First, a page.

As small Central Asian countries have struck military alliances with the United States, their leaders have asserted their own power more aggressively. At the same time, the presence of American soldiers threatens to dilute Russia’s and China’s power to influence the region’s politics and economics. Since September 2001, Russia and China have cooperated with Washington’s moves and generally affirmed its aims. But as the fighting in Afghanistan winds down, hard-liners in both countries are expressing resentment and apprehension about a prolonged American presence in a region they consider their backyard.
Afghan Women Emerge As Elections Take Place
In a reversal of the oppressive Taliban era, educated Afghan women are using the elections to the upcoming Loya Jirga, or grand tribal council, to press for their civil rights. Many are now seeking a greater political and social role in Afghanistan, whereas until a few months ago women were virtual non-people.
The Price of Failure in Kashmir
Following Pakistani President General Pervez Musharraf’s speech on May 27th and the Indian government’s official response the following day, it is clear that while war clouds have temporarily receded they have most certainly not been lifted. India will wait to see “results,” i.e. what steps the Pakistan government will take to end the ability of terrorists to strike from across the border into Indian territory, including Jammu and Kashmir. One must distinguish here between two claims. Any attribution that the Musharraf government is directly behind the December 13 attack on Parliament and now the May 14 attack in Kaluchak, Jammu, is not substantiated by evidence and is, politically speaking, utterly implausible. The Musharraf government is not so foolish or naïve as to impose even further pressure on itself in circumstances when his own regime is fighting for internal survival, or to want to shift attention away from the state-sponsored anti-Muslim pogrom in Gujarat and the world’s criticism of the Indian government on that score.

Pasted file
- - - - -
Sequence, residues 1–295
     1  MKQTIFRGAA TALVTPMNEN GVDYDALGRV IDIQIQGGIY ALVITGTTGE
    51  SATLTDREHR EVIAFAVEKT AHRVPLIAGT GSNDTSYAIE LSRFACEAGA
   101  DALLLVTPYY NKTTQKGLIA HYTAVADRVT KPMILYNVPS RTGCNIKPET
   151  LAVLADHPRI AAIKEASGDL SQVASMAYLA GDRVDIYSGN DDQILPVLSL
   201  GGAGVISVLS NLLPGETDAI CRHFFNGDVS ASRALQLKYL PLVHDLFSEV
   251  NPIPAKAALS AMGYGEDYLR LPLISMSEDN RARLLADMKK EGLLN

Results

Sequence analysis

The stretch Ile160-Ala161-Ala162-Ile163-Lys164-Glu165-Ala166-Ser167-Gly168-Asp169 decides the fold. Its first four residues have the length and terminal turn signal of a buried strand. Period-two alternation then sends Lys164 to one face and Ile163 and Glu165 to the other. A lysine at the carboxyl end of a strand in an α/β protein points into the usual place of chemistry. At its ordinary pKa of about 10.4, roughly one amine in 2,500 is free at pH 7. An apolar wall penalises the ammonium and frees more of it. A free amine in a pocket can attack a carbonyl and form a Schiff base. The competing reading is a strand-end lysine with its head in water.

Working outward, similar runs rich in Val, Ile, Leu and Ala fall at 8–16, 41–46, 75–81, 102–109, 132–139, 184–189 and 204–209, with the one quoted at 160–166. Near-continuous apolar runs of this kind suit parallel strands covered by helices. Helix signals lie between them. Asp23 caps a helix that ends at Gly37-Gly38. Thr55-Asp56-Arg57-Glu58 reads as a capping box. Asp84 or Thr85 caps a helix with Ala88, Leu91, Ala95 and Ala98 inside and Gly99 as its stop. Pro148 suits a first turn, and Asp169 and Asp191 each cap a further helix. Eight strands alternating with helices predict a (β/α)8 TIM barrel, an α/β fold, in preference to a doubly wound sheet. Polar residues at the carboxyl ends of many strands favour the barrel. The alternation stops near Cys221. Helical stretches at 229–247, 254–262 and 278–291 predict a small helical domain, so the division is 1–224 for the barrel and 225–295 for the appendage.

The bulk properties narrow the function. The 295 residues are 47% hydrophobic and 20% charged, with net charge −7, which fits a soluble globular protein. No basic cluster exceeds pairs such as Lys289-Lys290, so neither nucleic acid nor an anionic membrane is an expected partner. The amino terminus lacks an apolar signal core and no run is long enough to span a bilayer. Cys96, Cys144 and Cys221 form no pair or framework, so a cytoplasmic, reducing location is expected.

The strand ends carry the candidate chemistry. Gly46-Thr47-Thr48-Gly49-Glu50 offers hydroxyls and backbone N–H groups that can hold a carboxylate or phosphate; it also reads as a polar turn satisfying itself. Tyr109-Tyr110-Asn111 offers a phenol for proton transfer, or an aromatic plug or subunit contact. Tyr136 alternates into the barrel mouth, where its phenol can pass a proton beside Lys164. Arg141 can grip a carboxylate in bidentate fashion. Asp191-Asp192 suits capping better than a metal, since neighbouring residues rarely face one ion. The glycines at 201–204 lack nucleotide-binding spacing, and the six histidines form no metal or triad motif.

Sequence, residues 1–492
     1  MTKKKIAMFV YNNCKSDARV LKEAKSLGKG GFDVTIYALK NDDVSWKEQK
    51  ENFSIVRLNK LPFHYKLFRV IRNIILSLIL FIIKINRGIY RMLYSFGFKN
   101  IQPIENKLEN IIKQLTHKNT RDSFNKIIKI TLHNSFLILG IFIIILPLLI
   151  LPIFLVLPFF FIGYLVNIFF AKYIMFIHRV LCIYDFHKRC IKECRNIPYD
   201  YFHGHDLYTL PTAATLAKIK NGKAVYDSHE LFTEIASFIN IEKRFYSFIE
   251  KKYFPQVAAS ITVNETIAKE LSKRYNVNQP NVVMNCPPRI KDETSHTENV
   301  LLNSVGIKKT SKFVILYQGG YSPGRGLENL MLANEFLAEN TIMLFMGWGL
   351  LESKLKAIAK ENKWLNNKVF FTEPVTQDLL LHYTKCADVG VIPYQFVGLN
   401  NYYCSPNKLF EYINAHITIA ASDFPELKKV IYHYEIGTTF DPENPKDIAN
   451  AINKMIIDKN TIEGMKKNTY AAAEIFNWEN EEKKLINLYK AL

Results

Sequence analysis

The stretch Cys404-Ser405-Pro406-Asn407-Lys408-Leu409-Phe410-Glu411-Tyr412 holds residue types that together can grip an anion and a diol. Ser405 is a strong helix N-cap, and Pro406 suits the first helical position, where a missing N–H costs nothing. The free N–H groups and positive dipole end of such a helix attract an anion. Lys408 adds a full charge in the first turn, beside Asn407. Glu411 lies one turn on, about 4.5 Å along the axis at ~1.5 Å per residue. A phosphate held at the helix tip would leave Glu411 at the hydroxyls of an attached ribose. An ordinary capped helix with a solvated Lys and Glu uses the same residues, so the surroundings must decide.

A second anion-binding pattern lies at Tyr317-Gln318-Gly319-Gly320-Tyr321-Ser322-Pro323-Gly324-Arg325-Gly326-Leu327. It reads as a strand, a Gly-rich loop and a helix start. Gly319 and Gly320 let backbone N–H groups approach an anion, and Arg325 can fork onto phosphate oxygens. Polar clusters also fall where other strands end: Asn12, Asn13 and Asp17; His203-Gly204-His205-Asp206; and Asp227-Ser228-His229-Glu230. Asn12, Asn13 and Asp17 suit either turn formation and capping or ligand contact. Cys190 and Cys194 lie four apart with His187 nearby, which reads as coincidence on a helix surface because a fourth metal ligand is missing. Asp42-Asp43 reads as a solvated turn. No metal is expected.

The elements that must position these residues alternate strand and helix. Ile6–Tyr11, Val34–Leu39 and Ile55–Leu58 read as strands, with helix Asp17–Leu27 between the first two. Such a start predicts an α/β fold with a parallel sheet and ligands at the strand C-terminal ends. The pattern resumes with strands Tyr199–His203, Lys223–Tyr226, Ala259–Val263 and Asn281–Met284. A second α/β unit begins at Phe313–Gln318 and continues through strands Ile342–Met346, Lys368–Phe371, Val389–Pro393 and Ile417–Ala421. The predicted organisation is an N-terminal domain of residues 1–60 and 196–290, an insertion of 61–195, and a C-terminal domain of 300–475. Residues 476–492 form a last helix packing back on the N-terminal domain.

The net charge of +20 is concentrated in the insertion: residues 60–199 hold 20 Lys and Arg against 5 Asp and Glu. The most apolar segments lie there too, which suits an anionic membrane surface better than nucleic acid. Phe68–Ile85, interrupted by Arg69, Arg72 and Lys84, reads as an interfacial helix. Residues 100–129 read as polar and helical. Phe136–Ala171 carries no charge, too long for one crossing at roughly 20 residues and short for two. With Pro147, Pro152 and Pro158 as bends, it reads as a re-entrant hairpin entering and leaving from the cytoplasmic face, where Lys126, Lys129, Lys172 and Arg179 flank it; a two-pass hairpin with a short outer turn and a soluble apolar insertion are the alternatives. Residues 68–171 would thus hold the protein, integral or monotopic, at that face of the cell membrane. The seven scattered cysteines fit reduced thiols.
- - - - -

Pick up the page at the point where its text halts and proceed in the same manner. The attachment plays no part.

Defense Establishment’s Control of U.S. Policy Poses Threat to Afghan Reconstruction
Some officials within the Bush administration and the interim government in Kabul complain that the CIA’s and the U.S. military’s continuing control of U.S. policy is hampering Afghanistan’s reconstruction. The continuing military emphasis on policy is thwarting the development of political and economic tactics that strengthen the interim government and promote reconciliation.
U.S. Eyes Caspian Oil in “War On Terror”
The arrival of U.S. troops in Georgia on April 29 raised as many glasses in Ankara and Baku as it did jitters in Moscow. Touted as a new front in the “war on terror,” the Bush administration is in reality scrambling for Caspian oil in a bid to oust Russia from its traditional backyard. Washington insists its “train and equip force'” of 10 combat helicopters and 150 military instructors is solely intended to help Georgia combat Islamic radicals in the lawless Pankisi Gorge, allegedly a safe haven for al Qaeda militants and their Chechen allies. But other motives became apparent, although largely unnoticed by the Western press when Georgian Defense Ministry official Mirian Kiknadze told Radio Free Europe on February 27: “The U.S. military will train our rapid reaction force, which is guarding strategic sites in Georgia–particularly oil pipelines.” He was referring to the embryonic Baku-Tbilisi-Ceyhan (BTC) project, set to reduce Georgia’s and Azerbaijan’s energy reliance on Russia and bring the southern Caucasus into the U.S. fold.